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Making Light

A Burton Callicott retrospective romances the visible spectrum at CBU.



The small downstairs art gallery at Christian Brothers University was packed this past Friday for the opening of "The Light Within," a look back at the career of Burton Callicott, the artist and educator who has held Memphis in thrall since he first picked up his brushes eight decades ago. At the center of the crush sat the 95-year-old Callicott who, now confined to a wheelchair, shook hands and engaged in lively conversation about his life and long career as an artist in Memphis. Generations of Memphians, artists and admirers alike, stood stunned by both the man and this breathtaking sample of his extensive body of work.

"I knew it would be crowded," says the U of M's Patty Bladon Lawrence, who curated the show. "I think a lot of people were there because word had gotten out that there were going to be some [paintings] from the '30s. There are very few of those around." The paintings Lawrence mentions are a cracking pair of oils picturing shadowy, nocturnal landscapes. Road at Sunset, from 1934, takes as its subject matter the last rosy glow of the sun as it sinks beneath a pair of silhouetted trees. Moonlit Road, from 1936, is a brooding, moon-washed landscape in blue and green. In spite of their obvious subject matter, these paintings have very little to do with either trees or secluded byways. Just like his later, and certainly more famous, paintings, they are about the many tricks that light can play on the eye.

Lawrence has a history with Callicott. She was instrumental in the Brooks Museum of Art's acquisition of Callicott's preliminary sketches for the W.P.A.-funded Hernando de Soto murals, which are on display at the Pink Palace. This is also the second time that Lawrence has assembled a major collection of Callicott's work for exhibition, the first being a lifetime retrospective at the Brooks in 1991.

"This show was not intended as a rebirth of that," she says. "It was simply intended as a look back again at [Callicott's] treatment of light. I wanted to point out once again how the body of work from the very earliest paintings on through his late work reflects the same vision, his sort of penetrating observation of nature and all of its light and dark aspects. To show that [even when the artist was working in his nonobjective] period -- a time when there was very little recognition of nature in the works -- those works still had a ground in nature."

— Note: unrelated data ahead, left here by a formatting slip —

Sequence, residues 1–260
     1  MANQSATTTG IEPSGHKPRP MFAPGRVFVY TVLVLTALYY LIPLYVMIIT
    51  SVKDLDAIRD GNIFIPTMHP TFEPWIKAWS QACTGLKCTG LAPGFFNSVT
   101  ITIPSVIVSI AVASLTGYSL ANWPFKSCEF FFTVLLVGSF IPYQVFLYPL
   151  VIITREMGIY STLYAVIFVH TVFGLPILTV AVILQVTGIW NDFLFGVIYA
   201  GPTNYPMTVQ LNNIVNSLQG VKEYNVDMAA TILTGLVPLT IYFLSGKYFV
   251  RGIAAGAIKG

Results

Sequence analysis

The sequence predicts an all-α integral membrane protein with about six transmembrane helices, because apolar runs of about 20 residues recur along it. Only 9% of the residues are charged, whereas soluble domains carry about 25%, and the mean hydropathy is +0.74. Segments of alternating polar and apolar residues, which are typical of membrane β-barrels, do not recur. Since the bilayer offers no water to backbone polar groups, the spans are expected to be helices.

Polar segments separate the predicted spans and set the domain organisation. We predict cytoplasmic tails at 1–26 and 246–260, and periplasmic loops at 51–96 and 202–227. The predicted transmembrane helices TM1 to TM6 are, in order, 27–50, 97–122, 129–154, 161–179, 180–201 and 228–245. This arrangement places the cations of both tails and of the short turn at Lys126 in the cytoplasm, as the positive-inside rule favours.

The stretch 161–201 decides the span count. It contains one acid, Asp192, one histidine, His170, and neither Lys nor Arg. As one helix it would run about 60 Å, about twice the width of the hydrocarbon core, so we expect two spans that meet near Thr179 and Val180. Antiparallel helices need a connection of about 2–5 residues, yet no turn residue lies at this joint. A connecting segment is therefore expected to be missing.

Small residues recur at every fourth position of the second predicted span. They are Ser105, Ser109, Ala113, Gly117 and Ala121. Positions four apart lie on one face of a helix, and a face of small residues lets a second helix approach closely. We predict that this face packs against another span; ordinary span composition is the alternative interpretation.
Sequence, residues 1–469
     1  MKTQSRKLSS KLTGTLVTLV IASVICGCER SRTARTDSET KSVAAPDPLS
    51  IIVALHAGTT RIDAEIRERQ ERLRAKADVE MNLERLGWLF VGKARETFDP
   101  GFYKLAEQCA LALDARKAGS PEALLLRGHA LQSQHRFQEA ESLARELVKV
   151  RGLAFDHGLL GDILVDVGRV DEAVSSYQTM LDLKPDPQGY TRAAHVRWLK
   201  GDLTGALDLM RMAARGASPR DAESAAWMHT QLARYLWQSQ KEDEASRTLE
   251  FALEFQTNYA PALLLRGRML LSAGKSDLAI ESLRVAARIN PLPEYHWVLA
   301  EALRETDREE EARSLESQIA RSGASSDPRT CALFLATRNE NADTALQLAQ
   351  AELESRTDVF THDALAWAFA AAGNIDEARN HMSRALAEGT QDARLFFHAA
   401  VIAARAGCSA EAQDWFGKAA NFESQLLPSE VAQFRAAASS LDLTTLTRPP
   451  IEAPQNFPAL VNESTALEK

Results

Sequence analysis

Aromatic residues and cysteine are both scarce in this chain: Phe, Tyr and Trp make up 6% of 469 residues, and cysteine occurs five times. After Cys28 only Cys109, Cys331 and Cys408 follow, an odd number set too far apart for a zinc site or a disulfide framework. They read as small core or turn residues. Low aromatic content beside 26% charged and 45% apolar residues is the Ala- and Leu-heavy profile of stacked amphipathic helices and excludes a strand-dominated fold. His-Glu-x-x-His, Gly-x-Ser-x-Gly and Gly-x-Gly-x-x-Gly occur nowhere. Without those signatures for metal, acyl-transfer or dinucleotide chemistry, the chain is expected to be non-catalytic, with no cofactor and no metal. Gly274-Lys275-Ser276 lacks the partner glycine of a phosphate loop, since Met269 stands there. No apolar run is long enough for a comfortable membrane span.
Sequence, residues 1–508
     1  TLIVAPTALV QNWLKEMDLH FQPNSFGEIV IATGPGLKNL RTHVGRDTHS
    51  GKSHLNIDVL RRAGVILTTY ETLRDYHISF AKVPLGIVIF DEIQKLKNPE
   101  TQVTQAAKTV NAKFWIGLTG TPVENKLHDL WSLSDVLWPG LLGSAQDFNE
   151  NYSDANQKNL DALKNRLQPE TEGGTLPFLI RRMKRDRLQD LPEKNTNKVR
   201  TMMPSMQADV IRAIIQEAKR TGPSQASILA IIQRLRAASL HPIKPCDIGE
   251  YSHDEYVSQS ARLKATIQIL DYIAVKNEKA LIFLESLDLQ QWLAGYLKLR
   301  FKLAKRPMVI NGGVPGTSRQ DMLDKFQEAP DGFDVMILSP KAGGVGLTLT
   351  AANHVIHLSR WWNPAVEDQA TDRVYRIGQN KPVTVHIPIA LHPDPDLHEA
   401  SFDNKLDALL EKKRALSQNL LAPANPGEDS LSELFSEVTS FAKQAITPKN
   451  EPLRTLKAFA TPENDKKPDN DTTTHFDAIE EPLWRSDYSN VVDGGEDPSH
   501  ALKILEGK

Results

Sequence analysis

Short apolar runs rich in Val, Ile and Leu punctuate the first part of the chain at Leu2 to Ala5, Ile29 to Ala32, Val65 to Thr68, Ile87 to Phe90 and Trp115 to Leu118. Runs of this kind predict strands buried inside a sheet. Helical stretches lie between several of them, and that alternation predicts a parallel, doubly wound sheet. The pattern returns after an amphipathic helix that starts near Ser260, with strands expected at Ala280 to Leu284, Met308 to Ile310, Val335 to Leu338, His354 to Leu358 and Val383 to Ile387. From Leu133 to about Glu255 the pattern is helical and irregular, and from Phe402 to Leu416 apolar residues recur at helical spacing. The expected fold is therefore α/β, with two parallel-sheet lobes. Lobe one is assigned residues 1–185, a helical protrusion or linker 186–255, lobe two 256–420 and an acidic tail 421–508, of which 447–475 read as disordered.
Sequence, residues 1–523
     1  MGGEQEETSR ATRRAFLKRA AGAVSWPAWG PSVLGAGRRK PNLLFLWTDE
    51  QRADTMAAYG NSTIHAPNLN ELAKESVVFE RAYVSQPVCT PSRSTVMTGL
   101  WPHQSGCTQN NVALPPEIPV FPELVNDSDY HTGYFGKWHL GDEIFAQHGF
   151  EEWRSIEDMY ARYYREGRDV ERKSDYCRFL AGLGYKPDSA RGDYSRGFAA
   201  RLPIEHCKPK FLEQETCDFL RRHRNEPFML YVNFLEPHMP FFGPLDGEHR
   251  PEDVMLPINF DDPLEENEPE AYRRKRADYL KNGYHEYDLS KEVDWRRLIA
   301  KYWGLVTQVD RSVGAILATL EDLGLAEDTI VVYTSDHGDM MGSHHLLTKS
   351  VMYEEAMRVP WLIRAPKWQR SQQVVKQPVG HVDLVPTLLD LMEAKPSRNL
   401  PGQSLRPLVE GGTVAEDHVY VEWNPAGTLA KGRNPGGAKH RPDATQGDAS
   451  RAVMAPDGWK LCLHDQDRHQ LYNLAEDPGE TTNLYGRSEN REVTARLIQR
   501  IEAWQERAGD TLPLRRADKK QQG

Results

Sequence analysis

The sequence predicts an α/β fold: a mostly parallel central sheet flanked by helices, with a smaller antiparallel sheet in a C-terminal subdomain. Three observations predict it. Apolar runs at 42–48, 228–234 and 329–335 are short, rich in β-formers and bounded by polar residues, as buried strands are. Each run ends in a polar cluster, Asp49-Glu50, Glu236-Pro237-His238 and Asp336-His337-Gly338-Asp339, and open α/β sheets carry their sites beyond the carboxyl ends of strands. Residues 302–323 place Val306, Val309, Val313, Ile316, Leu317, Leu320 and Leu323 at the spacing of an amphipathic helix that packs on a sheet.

When Lawrence speaks of Callicott's "nonobjective" work, she is generally referencing the color fields and rainbow patterns for which Callicott is most famous. Surprisingly enough, there are very few of these paintings collected for "The Light Within," and the ones that are on display pale next to eerily luminescent landscapes and portraits of shadows rendered so perfectly an observer might believe that they were merely the unfortunate byproduct of a bad hang. More than one unschooled observer looking at Sun Print #5 turned around hoping to find the source of the leafy shadows only to discover they had been tricked by a master.

"We chose not to show [the rainbows]," Lawrence says. "Unfortunately, the rainbow has become such a signature. I think sometimes those sorts of signatures limit our ability to look at an artist, to look beyond things most easily recognized." Rather than showing the artist's best-known work, Lawrence chose to hang some pieces that have never been shown publicly: works forsaking the traditional mediums of oil and dry pigment. Lawrence has juxtaposed each painting with one of the painter's poems.

"It's a risky business matching words with these paintings," says Lawrence, who was afraid that too many descriptive words might wreck the illusion. "But it's not as if there is a painting on the wall and a person standing there telling you about the painting, and you want them to quit talking and let you look at it."

Callicott's verses read like entries from an artist's private journal. They give the observer insight into the painter's motivations without revealing his process. Next to Embrace #4, a painting of a yellow-boarded house wrapped by the shadow of a tree, there is a poem that reads, "The wide-spanning shadows/of all its branches fall/over roof and wall/is how (in case you wondered)/a tree can embrace a house." According to Lawrence, the poem had not been written specifically for that painting. It just seemed to fit.

"The poems aren't about a painting. They are all about his paintings," she says. "Plural!"

"The Light Within: Paintings and Poems of Burton Callicott" is on display at the University Gallery at CBU through October 10th.

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